The cruise industry, which was booming again after the corona pandemic, is only making slow progress in terms of climate protection, according to a study by the environmental organization Nabu. "It seems outdated that the majority of large ships are still using the particularly toxic but cheap heavy oil," said Nabu Federal Managing Director Leif Miller at the presentation of the 11th Nabu Cruise Ranking 2023.
The Nabu shipping expert, Sönke Diesener, also emphasized in Hamburg: "It is very welcome that the first have finally found a way towards climate neutrality." However, the pace must increase significantly.
The industry association Clia, on the other hand, sees the shipping companies on the right track, as they want to offer carbon-free cruises worldwide by 2050. "This industry-wide ambition exceeds the goals set by governments at the national and international levels." The cruise industry is already making huge investments to become one of the most sustainable forms of vacation travel, emphasized the association Cruise Lines International (Clia).
Havila and Hurtigruten are ahead
Nabu surveyed 13 cruise providers that are relevant to German customers. Among other things, the topics of climate strategy, climate protection measures, shore power, nitrogen oxide catalysts and soot particle filters were discussed. The ranking is based on the information provided by the shipping companies, said Diesener.
The Norwegian shipping companies Havila and Hurtigruten are in first and second place when it comes to measures to reduce emissions. The German shipping companies Aida Cruises, TUI Cruises and Hapag-Lloyd Cruises took third, fifth and ninth place. The cruise giant Carnival, with brands such as Carnival Cruise Line, Costa and Cunard, came in last place among the providers evaluated.
The Norwegians operate smaller ships, which are often better equipped and are subject to stricter regulations in their country, Diesener explained the good positions of these shipping companies. For the individual passengers, however, this does not mean that they are traveling in a climate-friendly manner. "If you can afford to go to Antarctica with 100 people - and everyone has a suite (...), you have a gigantic ecological footprint." On the other hand, those who travel on an Aida ship with 6,000 passengers trimmed for energy efficiency are not doing well in comparison, but better off.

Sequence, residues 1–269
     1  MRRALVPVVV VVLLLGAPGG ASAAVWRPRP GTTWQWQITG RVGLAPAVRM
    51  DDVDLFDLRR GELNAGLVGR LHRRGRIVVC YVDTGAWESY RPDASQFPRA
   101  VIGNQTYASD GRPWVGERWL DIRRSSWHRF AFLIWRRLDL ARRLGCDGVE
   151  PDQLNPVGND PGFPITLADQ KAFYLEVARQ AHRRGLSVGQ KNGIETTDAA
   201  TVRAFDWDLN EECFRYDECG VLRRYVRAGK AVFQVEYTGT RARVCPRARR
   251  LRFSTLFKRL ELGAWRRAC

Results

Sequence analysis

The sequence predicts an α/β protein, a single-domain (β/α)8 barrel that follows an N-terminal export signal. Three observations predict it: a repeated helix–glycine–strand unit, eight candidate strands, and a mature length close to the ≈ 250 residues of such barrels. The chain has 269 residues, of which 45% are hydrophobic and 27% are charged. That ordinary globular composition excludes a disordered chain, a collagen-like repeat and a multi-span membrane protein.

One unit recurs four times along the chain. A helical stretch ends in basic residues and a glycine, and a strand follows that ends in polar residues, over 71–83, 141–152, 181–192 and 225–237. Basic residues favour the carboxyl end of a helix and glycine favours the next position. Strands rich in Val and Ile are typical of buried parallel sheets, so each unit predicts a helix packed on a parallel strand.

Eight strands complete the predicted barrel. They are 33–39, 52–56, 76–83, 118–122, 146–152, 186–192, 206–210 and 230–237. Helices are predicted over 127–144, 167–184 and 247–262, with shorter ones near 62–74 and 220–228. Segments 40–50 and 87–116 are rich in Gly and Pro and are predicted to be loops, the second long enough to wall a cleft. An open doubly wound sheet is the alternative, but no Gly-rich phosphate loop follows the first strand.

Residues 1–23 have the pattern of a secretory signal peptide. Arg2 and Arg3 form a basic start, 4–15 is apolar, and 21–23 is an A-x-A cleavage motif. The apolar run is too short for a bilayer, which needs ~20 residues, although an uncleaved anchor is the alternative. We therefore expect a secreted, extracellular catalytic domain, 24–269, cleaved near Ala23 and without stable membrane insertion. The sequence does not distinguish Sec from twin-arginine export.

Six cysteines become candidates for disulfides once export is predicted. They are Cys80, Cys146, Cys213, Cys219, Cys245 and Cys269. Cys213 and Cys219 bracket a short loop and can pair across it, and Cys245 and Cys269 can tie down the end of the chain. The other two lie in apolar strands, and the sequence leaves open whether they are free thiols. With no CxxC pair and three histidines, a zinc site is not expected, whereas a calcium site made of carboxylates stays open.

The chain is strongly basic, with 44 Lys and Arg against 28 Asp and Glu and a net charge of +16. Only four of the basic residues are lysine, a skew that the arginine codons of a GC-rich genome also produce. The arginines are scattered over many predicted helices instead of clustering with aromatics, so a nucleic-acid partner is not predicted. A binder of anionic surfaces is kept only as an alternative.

Nabu expert: Heavy oil quota too high
"We're still a long way from being carbon neutral, and we're also a long way from being environmentally friendly," emphasized Diesener. Because although emissions would have to be drastically reduced, they continued to rise. "Of particular concern is the sharp increase in methane emissions from LNG use." These are over 80 times more harmful to the climate than CO2.
He was also annoyed with regard to the heavy oil quota of around 50 percent for cruise ships. The shipping companies could stop this immediately and without major modifications by using heavy-metal-free marine diesel. "No understanding," complained the cruise expert. This puts the industry in last place in the entire civil shipping industry. Even container ships would only be operated with 18 percent heavy fuel oil.
Hamburg's Nabu boss Malte Siegert welcomed the agreement of some cruise lines with Hamburg to use shore power. However, the actual use is still too low and not mandatory. This joined Clia demands to build significantly more shore power infrastructure. However, he also admitted that these systems are not trivial, a cruise ship, which is usually in port for 40 percent of the travel time, consumes as much electricity as a small town.
So far, many ships have kept their engines running in port to supply themselves with electricity - with the corresponding exhaust gases and CO2 emissions. According to Clia, emissions in the port alone "can account for between 6 and 10 percent of a cruise ship's total CO2 emissions".